In November 2023, South Africa received the first consignment of 450 gasoline generators donated by the People’s Republic of China. The donation formed part of the Technical Assistance Programme that was entered into in August 2023 during China’s Head of State Visit to South Africa.

Jobs and investment

The ERRP was government’s response to the severe health, social and economic effects of the dreaded COVID-19 pandemic.

Announced in 2020, the plan was founded on engagements among social partners, including government, labour, business and community-based organisations.

October 2023 marked three years since government embarked on the plan, which outlined the actions to rebuild the economy and create jobs in the wake of the pandemic.

The government has put in place the Presidential Youth Employment Initiative (PYEI). Through the initiative announced in 2020, at least 135 000 earning opportunities were secured by young people.

On Tuesday, the President held a presidential youth engagement in Cape Town reflecting on the three years since the initiation of the Presidential Employment Stimulus (PES) and PYEI.

According to the Presidency, the PES and PYEI programmes have “collectively generated over 1.8 million job opportunities and provided livelihood support, predominantly benefiting young individuals”.

The sixth administration also oversaw the successful raising of the R1.2 trillion worth of investments over five years that President Ramaphosa announced in 2018.

Held annually over the past five years, the South Africa Investment Conference (SAIC) surpassed the initial R1.2 trillion target to reach R1.51 trillion in investment pledges. To date, there are concrete results of how the pledges made at the conference are changing lives and creating employment.

The review document notes that of the commitments made, over R500 billion has already flowed into the economy.

Having made pledges continually at the SAIC, Procter &Gamble in November 2023 launched a state-of-the-art production line of Pampers Premium Care which the President attended in Kempton Park in Ekurhuleni.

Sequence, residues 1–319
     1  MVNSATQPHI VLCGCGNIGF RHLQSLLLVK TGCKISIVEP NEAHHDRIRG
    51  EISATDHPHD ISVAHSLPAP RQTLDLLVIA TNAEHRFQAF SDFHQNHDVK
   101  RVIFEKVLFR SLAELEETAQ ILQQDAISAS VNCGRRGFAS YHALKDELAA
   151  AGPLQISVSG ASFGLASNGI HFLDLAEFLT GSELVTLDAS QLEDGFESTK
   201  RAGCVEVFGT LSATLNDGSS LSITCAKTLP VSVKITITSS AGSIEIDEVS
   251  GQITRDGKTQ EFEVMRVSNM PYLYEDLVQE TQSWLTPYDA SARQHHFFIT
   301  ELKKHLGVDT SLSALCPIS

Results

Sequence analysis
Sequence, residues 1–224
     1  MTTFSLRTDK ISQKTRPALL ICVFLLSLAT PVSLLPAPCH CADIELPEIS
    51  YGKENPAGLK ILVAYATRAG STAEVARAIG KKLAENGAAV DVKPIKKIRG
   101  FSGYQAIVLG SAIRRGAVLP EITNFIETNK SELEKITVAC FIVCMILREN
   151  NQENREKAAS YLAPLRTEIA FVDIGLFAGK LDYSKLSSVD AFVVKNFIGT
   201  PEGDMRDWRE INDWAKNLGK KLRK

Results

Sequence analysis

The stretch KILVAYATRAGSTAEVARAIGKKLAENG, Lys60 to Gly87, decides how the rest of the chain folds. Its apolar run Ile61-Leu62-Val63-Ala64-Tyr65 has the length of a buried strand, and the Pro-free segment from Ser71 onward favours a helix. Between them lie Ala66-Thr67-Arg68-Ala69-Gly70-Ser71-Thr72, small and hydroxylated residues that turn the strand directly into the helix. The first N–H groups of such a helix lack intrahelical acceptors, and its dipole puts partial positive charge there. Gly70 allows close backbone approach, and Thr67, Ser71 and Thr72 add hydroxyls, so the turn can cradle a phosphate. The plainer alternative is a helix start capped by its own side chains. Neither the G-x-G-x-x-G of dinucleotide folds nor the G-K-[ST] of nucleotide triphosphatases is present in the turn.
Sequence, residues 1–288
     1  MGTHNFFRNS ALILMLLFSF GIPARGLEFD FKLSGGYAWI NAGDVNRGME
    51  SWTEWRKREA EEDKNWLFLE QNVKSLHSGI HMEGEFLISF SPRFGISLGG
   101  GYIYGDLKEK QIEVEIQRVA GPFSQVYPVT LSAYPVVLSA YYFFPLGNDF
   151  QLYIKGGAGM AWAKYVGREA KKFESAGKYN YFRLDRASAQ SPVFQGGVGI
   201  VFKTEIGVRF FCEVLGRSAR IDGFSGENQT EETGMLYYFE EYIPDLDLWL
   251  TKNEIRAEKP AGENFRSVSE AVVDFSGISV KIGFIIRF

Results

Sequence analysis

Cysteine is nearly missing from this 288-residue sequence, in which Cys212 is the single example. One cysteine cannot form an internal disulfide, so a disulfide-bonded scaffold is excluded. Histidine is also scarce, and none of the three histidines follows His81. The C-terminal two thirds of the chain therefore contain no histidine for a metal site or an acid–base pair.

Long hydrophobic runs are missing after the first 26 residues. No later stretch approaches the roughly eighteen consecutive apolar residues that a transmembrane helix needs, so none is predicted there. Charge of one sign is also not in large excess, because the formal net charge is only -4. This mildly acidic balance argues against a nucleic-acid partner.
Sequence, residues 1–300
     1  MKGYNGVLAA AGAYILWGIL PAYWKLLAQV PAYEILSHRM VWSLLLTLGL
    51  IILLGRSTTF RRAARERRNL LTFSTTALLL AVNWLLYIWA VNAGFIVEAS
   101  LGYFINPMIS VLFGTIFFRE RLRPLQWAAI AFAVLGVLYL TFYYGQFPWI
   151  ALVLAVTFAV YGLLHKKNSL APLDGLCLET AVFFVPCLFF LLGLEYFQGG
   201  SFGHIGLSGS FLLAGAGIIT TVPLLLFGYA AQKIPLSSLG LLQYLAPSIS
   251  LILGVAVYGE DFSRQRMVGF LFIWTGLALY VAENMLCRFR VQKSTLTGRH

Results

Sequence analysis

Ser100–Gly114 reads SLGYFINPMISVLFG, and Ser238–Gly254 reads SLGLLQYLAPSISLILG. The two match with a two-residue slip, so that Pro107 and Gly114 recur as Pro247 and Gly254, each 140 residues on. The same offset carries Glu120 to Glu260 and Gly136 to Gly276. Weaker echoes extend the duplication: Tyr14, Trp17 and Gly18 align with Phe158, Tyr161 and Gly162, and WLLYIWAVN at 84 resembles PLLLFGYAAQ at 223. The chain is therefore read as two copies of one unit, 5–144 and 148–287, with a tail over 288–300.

Another company which pledged R135 million at last year’s SAIC is also making good on its commitment.

In October 2023, energy company, Ener-G-Africa, launched an energy-efficient cook stove manufacturing line in Paarl, and expanded its solar panel production line from 15MW to 500MW capacity.

The company pledged R135 million in the production of small solar PV panels and solar cooking appliances at their women-led production facility in Cape Town.


President Ramaphosa also oversaw the launch of the African Continental Free Trade Area (AfCFTA) as Chairperson of the African Union, which is currently the largest free trade area in the world. The AfCFTA which entered into force in May 2019, is expected to boost trade and economic growth on the continent.

Trading under the AfCFTA regime commenced January 2021 and last month South Africa practically realised the AfCFTA agreement. This as the President officiated the launch of the first export shipment of goods produced by South African companies destined for other African countries from KwaZulu-Natal’s Durban port.

Better lives and education

On building better lives, the current administration introduced the National Minimum Wage (NMW) for the first time in the country’s history, guaranteeing a minimum floor below which no worker may be paid with the coming into effect of the minimum wage on 1 January 2019.

The President had announced its coming into effect in December 2018.

Back in 2019, the minimum wage was set at R20 an hour and has increased over the years. Currently standing at R25,42 the minimum wage will increase to R27,58 for each ordinary hour worked with effect from 1 March 2024.